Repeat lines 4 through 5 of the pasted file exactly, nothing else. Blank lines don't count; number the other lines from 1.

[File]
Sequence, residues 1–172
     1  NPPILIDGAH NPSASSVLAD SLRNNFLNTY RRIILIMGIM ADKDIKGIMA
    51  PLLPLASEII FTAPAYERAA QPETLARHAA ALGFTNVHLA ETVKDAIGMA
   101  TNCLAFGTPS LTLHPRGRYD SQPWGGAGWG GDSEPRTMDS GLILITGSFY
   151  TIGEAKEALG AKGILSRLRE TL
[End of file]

   101  TNCLAFGTPS LTLHPRGRYD SQPWGGAGWG GDSEPRTMDS GLILITGSFY
   151  TIGEAKEALG AKGILSRLRE TL